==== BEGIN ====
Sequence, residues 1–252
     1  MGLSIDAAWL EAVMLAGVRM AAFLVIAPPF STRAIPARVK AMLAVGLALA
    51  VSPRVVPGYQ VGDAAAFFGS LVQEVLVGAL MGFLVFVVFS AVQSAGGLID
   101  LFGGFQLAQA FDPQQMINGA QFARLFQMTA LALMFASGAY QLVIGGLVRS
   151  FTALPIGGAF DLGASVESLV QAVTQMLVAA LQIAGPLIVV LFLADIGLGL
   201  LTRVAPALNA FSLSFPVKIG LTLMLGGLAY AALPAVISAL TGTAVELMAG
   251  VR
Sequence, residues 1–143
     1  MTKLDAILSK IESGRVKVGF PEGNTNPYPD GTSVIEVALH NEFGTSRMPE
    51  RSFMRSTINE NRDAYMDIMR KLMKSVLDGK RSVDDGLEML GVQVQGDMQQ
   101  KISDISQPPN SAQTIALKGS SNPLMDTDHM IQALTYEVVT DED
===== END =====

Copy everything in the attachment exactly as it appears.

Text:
Sequence, residues 1–252
     1  MGLSIDAAWL EAVMLAGVRM AAFLVIAPPF STRAIPARVK AMLAVGLALA
    51  VSPRVVPGYQ VGDAAAFFGS LVQEVLVGAL MGFLVFVVFS AVQSAGGLID
   101  LFGGFQLAQA FDPQQMINGA QFARLFQMTA LALMFASGAY QLVIGGLVRS
   151  FTALPIGGAF DLGASVESLV QAVTQMLVAA LQIAGPLIVV LFLADIGLGL
   201  LTRVAPALNA FSLSFPVKIG LTLMLGGLAY AALPAVISAL TGTAVELMAG
   251  VR
Sequence, residues 1–143
     1  MTKLDAILSK IESGRVKVGF PEGNTNPYPD GTSVIEVALH NEFGTSRMPE
    51  RSFMRSTINE NRDAYMDIMR KLMKSVLDGK RSVDDGLEML GVQVQGDMQQ
   101  KISDISQPPN SAQTIALKGS SNPLMDTDHM IQALTYEVVT DED